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To keep or not to keep: mRNA stability and translatability in root nodule symbiosis

Abstract : Post-transcriptional control of gene expression allows plants to rapidly adapt to changes in their environment. Under low nitrogen conditions, legume plants engage into a symbiosis with soil bacteria that results in the formation of root nodules, where bacteria are allocated and fix atmospheric nitrogen for the plant's benefit. Recent studies highlighted the importance of small RNA-mediated mechanisms in the control of bacterial infection, nodule organogenesis, and the long-distance signaling that balances plant growth and nodulation. Examples of such mechanisms are shoot-to-root mobile microRNAs and small RNA fragments derived from degradation of bacterial transfer RNAs that repress complementary mRNAs in the host plant. Mechanisms of selective mRNA translation also contribute to rapidly modulate the expression of nodulation genes in a cell-specific manner during symbiosis. Here, the most recent advances made on the regulation of mRNA stability and translatability, and the emerging roles of long non-coding RNAs in symbiosis are summarized.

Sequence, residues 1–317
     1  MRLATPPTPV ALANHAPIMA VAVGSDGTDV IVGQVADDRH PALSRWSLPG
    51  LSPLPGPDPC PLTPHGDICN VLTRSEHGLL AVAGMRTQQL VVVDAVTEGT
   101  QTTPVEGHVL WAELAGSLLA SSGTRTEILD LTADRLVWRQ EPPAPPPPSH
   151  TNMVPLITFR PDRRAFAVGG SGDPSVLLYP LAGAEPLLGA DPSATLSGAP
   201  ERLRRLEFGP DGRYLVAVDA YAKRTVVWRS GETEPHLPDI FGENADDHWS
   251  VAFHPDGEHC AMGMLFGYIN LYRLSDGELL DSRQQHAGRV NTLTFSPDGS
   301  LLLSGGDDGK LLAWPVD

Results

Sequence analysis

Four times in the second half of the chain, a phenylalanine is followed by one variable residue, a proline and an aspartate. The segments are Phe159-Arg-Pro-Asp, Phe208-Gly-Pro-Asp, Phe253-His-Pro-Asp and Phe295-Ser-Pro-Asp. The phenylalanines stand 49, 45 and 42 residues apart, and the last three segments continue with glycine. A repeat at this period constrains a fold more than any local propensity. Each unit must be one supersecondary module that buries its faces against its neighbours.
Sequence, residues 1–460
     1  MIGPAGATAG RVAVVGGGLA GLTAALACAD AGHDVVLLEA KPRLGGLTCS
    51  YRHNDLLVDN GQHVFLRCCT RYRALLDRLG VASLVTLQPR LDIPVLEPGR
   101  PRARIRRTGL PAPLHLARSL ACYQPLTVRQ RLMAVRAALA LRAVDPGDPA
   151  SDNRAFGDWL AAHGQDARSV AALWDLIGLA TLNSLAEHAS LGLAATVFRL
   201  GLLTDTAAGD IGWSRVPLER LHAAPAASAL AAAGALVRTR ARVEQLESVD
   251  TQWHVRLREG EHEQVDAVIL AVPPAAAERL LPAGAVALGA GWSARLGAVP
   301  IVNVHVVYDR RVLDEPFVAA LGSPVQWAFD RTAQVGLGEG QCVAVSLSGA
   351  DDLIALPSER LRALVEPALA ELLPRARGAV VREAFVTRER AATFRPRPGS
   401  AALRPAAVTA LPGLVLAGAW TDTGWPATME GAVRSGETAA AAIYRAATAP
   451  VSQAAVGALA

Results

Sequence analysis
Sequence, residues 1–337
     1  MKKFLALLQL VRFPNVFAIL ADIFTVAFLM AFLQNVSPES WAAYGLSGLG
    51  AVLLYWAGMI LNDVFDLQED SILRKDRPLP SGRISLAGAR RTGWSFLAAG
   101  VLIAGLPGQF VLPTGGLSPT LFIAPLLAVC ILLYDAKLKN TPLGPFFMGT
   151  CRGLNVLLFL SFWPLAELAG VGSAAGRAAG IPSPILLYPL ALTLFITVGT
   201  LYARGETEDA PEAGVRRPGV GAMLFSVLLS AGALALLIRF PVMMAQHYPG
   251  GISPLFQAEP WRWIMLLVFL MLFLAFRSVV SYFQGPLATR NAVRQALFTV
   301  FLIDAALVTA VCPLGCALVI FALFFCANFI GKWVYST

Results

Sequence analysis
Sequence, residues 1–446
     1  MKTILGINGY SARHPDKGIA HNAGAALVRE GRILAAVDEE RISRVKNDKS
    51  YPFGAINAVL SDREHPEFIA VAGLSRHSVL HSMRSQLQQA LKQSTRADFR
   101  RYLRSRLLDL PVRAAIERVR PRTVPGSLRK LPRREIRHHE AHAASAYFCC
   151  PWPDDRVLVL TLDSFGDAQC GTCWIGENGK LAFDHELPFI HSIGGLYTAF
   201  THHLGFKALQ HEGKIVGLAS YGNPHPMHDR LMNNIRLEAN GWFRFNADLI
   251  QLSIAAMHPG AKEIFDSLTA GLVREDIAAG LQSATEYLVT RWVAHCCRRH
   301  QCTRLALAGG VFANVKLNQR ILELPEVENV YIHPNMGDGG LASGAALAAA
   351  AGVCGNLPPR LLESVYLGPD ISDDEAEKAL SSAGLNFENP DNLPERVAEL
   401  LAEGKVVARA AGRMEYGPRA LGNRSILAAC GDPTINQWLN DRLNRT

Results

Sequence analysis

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Submitted on : Tuesday, May 4, 2021 - 12:08:58 PM
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María Eugenia Zanetti, Flavio Blanco, Mauricio Reynoso, Martín Crespi. To keep or not to keep: mRNA stability and translatability in root nodule symbiosis. Current Opinion in Plant Biology, Elsevier, 2020, 56, pp.109-117. ⟨10.1016/j.pbi.2020.04.012⟩. ⟨hal-03216724⟩



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